BOSTON (Reuters) - Federal prosecutors on Tuesday urged a judge to reject accused Boston Marathon bomber Dzhokhar Tsarnaev’s request to move his trial outside of the city, saying there was no evidence that it would be impossible to select an impartial jury.
Prosecutors noted that, in making their request to hold his trial outside the district where three people were killed and 264 injured by the April 2013 bombing, defense attorneys had cited negative media coverage but presented no specific examples.
They also challenged in papers filed in U.S. District Court in Boston a poll commissioned by the defense that found that 57.9 percent of Boston respondents regarded the 20-year-old Tsarnaev as “definitely guilty” and more than half said they had participated in the race in some way or knew someone who had.
Prosecutors noted that the Eastern District of Massachusetts, from which a panel would be selected, is home to more than 5 million people.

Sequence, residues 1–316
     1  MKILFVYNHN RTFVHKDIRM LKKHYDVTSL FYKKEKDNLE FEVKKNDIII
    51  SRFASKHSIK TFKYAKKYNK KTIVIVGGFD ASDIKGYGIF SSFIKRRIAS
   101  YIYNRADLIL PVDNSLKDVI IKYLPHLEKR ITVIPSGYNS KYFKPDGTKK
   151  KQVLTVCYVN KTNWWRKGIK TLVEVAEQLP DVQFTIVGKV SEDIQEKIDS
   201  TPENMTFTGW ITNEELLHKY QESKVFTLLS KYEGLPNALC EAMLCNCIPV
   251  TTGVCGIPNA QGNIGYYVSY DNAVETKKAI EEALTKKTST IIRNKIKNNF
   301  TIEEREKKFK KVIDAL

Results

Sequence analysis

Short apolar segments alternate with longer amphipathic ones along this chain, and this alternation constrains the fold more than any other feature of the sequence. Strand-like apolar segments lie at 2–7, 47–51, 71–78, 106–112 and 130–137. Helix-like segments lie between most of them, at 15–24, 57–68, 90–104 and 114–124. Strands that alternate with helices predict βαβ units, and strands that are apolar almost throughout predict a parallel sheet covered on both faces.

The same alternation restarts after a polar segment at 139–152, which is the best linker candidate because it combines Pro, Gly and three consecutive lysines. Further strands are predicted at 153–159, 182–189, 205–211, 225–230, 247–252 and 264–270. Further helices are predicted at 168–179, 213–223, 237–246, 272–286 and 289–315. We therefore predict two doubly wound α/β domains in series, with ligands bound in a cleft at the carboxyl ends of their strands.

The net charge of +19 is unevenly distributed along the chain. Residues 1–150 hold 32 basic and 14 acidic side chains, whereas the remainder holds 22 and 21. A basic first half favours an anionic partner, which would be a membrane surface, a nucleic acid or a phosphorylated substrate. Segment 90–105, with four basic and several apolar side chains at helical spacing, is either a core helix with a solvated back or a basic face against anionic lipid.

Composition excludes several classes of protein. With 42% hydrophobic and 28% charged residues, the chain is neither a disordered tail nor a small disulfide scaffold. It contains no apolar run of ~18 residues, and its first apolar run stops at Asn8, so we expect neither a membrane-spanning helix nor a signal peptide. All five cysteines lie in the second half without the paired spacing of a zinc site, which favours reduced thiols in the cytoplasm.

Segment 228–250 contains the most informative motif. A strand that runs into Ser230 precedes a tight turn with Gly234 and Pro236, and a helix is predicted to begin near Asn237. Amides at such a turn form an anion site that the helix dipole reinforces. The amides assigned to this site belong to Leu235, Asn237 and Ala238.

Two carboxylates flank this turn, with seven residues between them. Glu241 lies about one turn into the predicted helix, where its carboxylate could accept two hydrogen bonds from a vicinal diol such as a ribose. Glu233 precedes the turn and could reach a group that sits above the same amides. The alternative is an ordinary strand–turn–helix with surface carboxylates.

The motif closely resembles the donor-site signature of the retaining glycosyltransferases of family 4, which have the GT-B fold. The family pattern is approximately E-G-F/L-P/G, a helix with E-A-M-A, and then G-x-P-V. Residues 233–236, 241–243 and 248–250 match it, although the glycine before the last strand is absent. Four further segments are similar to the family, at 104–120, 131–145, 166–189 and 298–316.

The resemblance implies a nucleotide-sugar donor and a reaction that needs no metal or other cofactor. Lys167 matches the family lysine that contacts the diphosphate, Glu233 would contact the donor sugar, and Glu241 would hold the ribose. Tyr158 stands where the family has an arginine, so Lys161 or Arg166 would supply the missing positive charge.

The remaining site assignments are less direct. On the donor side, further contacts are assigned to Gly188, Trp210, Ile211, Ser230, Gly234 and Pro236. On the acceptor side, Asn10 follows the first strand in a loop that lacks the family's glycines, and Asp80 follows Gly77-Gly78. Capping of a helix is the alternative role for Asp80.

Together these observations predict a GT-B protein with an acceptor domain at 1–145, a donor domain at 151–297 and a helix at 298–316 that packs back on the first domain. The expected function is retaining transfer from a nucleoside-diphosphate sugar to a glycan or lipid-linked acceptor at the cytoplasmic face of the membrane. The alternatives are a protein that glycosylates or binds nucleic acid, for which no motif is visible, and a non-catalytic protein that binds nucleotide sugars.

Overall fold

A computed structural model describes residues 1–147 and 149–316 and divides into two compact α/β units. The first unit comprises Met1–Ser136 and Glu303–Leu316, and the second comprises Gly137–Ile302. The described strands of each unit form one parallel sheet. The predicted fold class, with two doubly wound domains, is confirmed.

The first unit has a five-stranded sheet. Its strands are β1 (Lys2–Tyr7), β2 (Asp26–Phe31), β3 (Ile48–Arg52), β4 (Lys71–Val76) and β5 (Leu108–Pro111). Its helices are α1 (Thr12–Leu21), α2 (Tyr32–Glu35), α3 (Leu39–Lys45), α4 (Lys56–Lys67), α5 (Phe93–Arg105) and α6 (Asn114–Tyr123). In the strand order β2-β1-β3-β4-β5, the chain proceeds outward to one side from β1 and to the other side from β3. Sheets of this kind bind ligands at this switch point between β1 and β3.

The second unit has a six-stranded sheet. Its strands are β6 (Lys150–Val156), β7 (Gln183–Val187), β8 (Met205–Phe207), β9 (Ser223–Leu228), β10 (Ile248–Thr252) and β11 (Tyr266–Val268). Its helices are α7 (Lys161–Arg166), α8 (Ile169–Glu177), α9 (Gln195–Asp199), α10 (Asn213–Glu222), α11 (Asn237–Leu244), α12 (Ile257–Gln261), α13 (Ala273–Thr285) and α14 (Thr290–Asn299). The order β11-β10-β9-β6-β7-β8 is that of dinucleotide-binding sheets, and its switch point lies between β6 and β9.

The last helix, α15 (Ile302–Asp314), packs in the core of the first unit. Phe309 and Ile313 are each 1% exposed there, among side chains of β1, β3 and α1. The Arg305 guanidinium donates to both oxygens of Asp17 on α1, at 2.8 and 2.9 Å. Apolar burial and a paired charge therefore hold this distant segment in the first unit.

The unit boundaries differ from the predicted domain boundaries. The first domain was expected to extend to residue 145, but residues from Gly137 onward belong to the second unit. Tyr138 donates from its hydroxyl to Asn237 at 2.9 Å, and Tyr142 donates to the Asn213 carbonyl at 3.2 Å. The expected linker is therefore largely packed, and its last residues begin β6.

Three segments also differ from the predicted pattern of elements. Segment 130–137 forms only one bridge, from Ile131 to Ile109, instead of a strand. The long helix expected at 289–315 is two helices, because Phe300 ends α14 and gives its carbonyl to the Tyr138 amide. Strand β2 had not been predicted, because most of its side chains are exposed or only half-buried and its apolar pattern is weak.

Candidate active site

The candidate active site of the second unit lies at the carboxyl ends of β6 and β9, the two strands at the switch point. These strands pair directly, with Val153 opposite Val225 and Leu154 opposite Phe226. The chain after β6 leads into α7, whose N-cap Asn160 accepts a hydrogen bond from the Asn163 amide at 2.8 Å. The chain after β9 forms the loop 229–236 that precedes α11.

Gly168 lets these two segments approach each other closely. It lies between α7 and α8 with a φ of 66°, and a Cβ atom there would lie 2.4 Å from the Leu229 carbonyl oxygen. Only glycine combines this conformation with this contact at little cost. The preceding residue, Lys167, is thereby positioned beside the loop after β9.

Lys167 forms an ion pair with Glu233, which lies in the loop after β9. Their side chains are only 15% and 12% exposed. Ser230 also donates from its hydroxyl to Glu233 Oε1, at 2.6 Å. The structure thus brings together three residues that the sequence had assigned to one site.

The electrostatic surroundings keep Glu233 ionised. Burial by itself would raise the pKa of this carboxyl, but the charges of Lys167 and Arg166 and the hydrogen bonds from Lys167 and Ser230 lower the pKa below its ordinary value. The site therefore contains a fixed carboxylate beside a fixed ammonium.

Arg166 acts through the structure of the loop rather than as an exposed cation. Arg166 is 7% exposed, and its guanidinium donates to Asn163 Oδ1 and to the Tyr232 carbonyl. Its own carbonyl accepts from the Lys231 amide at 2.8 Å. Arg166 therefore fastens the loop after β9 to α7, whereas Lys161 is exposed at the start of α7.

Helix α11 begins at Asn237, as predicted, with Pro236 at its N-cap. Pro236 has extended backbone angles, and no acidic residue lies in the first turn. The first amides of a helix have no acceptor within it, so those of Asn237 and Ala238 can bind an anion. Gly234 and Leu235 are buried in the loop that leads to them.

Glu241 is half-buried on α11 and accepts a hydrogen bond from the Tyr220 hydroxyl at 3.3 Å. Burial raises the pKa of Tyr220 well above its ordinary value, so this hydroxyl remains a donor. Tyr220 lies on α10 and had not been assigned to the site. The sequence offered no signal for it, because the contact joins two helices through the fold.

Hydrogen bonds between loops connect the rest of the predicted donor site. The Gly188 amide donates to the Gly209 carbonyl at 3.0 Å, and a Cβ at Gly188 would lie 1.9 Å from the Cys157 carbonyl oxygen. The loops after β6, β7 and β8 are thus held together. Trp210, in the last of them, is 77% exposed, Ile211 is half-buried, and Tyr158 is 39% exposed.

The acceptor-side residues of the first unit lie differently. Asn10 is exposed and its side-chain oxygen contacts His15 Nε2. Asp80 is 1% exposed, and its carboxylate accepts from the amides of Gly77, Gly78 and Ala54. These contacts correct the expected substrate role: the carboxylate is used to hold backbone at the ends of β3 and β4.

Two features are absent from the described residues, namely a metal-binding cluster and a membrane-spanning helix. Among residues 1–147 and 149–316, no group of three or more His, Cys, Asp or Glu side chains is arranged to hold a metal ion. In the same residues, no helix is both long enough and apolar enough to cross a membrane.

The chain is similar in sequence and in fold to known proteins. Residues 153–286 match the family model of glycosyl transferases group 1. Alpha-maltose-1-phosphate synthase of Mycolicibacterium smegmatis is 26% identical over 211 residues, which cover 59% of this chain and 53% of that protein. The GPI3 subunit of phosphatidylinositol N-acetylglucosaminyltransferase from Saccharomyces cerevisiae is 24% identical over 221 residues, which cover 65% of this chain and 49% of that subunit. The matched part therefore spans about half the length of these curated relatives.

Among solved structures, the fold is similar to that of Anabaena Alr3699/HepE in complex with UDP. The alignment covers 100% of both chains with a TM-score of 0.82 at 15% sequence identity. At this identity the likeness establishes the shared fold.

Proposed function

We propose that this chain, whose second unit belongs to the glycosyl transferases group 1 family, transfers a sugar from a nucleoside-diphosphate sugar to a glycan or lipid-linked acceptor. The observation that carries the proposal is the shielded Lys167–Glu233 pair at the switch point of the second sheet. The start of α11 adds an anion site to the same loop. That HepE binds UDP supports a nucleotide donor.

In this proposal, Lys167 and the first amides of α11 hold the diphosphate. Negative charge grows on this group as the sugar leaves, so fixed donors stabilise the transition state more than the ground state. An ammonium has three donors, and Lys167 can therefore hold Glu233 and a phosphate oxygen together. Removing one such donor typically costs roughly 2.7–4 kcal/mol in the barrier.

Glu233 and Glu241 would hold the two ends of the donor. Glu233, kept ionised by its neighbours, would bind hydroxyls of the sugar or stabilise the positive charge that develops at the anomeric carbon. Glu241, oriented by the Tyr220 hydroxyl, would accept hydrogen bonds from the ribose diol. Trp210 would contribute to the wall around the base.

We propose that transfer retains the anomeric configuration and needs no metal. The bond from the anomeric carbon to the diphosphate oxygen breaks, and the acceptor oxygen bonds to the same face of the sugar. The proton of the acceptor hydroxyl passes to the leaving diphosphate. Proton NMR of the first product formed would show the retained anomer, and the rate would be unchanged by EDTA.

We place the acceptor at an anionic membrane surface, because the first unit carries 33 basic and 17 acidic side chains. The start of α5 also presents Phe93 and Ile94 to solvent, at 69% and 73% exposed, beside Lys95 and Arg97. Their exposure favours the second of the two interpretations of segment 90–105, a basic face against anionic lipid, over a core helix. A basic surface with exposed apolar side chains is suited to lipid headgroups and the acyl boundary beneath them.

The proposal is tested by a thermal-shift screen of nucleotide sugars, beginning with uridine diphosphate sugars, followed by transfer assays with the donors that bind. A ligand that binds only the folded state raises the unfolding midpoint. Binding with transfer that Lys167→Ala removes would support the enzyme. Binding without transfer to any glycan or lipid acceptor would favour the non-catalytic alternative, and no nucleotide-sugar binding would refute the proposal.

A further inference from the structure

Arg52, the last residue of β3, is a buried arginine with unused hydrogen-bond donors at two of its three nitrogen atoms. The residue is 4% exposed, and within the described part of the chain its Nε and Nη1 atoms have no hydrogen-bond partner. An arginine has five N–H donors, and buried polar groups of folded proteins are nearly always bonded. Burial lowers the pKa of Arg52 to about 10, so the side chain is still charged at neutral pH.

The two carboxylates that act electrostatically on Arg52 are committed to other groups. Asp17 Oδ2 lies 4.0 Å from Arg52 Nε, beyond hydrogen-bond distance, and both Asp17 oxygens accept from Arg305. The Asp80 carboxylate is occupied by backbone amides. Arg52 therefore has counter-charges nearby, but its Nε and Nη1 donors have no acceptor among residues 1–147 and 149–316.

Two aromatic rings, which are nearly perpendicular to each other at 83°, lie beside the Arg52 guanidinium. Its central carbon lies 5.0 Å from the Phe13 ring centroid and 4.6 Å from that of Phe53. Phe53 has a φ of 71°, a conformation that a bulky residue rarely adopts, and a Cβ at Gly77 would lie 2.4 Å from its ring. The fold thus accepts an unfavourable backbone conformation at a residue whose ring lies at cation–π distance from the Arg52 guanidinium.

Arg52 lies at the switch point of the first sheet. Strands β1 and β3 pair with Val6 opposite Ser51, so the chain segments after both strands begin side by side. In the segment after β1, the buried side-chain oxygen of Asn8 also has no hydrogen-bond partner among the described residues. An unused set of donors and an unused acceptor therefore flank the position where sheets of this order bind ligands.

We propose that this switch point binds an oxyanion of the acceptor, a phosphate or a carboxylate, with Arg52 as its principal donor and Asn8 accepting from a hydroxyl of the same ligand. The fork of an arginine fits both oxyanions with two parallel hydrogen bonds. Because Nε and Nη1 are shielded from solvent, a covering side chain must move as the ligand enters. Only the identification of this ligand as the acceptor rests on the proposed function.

“Tsarnaev’s narrow focus on the city of Boston renders his poll data largely irrelevant, because jurors in this case will be drawn from an area 100 times the size of Boston and ten times more populous,” prosecutors wrote.
They also challenged his defense’s use of the trial of Timothy McVeigh, who was convicted of the 1995 bombing of a federal office building in Oklahoma City in a trial held in Denver, as an example of a similarly high-profile trial moved out of its district.
In that case, they noted, the building that housed the court had been badly damaged by the attack and thus was unavailable for the trial.
“The question decided in McVeigh therefore was not whether to move the trial but only where to move it,” they wrote.
Tsarnaev, who is also accused of shooting dead a university police officer three days after the bombing as he and his older brother Tamerlan prepared to flee the city, is due to go on trial in November. He faces the possibility of execution if convicted.
Tamerlan died in a gunfight with police hours after the two are accused of having shot the police officer.
Reporting by Scott Malone; Editing by Eric Beech